To handle higher than expected ridership, CATS is considering increasing the frequency of Lynx trains during rush hour, from every 7.5 minutes to every 6 minutes.
The move wouldn't increase the number of seats available to commuters, because CATS is already using all available train cars at peak times. But it would offer faster service, and could keep station platforms from becoming too crowded.
At rush hour, CATS has eight8 trains an hour. If it splits some two-car trains, it could have 10 trains an hour.
“We have to do testing,” said CATS chief executive Keith Parker.
One concern is that running two additional trains each hour would result in more traffic tie-ups for motorists crossing the rail line. And adding more trains would also increase operating expenses because more drivers would be needed.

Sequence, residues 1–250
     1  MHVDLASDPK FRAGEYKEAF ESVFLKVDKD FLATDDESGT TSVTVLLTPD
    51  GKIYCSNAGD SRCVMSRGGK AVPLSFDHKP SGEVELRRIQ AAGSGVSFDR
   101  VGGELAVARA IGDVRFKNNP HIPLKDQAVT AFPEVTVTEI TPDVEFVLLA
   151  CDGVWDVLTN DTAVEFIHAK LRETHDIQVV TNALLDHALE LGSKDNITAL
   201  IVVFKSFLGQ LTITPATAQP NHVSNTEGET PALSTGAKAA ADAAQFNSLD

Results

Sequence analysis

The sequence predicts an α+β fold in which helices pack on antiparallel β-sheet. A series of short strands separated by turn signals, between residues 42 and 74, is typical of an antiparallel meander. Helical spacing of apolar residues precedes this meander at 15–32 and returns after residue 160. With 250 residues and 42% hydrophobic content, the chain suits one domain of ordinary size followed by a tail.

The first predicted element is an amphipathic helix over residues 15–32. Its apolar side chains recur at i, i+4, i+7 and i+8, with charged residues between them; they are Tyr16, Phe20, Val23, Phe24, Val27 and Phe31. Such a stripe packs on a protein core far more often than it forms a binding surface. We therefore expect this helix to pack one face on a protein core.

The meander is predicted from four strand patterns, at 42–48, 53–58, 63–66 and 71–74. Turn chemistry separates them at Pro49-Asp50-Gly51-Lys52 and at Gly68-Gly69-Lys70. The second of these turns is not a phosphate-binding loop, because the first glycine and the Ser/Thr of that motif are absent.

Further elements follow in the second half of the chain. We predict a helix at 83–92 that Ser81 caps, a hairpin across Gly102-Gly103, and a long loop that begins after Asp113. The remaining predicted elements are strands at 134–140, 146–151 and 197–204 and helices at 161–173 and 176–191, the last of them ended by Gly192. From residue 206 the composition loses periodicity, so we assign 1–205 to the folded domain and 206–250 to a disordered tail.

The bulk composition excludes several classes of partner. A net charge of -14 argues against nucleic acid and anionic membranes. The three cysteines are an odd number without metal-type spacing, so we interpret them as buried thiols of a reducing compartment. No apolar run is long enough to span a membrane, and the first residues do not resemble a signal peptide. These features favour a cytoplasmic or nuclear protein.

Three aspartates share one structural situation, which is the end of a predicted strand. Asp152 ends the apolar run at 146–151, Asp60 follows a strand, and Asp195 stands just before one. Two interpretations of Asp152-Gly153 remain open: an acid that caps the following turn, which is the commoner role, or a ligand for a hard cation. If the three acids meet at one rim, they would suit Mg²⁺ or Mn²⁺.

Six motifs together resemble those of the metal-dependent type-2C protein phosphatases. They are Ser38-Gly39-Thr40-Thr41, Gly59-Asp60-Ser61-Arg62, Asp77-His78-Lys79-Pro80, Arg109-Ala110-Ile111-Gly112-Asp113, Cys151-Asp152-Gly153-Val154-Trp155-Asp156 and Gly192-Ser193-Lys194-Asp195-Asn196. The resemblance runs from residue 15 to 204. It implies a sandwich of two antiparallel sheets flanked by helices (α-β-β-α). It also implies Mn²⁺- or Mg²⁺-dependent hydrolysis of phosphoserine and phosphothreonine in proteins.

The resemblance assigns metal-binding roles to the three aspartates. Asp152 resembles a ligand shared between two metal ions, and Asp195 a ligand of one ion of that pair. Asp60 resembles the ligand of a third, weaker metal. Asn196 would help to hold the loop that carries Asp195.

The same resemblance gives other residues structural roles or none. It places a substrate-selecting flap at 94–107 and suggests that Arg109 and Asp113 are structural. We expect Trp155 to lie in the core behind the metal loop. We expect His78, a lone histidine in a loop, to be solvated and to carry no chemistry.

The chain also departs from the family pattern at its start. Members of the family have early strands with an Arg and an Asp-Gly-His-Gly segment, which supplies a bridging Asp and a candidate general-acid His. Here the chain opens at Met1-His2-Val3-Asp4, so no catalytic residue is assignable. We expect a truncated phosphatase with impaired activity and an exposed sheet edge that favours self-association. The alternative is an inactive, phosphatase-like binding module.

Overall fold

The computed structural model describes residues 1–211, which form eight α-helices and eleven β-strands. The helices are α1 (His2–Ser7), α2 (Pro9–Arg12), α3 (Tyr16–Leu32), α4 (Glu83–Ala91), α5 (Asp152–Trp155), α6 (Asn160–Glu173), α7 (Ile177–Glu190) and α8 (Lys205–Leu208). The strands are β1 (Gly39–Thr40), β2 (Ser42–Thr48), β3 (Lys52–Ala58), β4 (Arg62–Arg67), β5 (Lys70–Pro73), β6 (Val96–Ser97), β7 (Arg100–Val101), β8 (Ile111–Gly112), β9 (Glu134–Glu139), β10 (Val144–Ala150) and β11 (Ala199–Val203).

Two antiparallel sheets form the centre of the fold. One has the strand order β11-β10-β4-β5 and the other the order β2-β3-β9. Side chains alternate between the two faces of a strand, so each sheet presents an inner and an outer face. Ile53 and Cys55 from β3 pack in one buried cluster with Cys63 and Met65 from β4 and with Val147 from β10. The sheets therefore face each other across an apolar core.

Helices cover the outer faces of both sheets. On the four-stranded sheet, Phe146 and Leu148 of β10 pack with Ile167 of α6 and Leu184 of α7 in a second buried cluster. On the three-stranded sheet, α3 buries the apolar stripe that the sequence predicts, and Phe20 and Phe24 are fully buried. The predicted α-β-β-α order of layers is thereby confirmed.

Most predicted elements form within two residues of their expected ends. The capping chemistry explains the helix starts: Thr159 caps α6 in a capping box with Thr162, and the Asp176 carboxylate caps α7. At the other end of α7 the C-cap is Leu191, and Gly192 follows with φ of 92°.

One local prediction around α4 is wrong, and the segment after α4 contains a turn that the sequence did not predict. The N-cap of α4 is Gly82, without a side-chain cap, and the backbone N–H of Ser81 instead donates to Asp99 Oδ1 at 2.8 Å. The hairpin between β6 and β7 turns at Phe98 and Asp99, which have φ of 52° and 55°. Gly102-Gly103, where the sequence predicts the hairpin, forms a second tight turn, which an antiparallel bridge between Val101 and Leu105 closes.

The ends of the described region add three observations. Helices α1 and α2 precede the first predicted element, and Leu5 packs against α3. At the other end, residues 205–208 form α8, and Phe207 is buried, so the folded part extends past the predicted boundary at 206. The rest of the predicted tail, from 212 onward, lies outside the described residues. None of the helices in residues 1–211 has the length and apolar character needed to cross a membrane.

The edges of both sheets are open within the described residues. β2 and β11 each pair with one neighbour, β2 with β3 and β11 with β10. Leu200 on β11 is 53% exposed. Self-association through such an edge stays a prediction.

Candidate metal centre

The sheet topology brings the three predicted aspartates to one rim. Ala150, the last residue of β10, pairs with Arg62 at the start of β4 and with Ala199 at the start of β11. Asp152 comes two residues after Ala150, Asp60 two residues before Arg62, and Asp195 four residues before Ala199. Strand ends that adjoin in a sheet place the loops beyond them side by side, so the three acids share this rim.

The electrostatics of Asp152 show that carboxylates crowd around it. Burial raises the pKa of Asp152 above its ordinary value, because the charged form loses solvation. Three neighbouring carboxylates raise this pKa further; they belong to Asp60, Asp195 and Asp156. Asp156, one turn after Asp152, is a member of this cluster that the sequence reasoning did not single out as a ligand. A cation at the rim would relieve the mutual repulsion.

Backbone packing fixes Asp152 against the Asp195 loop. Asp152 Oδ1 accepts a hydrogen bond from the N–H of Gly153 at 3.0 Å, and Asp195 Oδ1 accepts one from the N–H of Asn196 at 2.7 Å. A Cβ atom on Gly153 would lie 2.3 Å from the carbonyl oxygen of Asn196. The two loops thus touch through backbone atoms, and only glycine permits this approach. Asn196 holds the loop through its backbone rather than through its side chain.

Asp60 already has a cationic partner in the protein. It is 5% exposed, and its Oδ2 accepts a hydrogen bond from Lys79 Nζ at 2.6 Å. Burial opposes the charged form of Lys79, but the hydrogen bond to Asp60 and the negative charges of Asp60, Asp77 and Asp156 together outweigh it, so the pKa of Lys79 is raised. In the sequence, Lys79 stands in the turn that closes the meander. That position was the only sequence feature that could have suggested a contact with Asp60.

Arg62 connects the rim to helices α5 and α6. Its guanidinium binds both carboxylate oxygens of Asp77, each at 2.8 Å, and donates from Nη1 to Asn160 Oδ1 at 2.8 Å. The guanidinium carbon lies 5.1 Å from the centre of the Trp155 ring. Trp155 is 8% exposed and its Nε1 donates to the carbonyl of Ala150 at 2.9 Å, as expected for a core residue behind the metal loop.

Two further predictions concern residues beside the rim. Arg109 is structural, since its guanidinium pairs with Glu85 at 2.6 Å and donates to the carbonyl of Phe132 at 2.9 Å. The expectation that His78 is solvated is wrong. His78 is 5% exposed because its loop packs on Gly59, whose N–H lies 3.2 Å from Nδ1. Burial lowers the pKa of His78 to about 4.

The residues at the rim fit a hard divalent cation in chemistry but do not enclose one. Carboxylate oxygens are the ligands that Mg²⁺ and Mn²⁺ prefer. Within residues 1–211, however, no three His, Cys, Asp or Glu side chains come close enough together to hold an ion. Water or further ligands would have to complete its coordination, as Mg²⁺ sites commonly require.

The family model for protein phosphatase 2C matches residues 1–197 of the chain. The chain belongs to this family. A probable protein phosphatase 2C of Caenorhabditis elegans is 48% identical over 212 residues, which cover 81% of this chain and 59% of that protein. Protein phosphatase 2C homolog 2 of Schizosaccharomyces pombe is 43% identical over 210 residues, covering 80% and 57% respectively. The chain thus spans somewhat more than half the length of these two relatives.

During rush hour, the Dallas Area Rapid Transit operates its trains about every five minutes. In Atlanta, rush-hour trains arrive every 10 minutes.
Parker also has put a price tag on upgrading the Lynx Blue Line to handle more riders: $50 million.
Most of that money would pay for additional train cars, as well as to lengthen the station platforms so they could accommodate three-car trains. When the Lynx was being designed, CATS originally planned for longer platforms, but shrunk them to save money.
When that decision was made, I'm not sure there was anyone in Charlotte – not even former CATS chief executive Ron Tober – who thought CATS would be talking so soon about needing longer platforms and longer trains.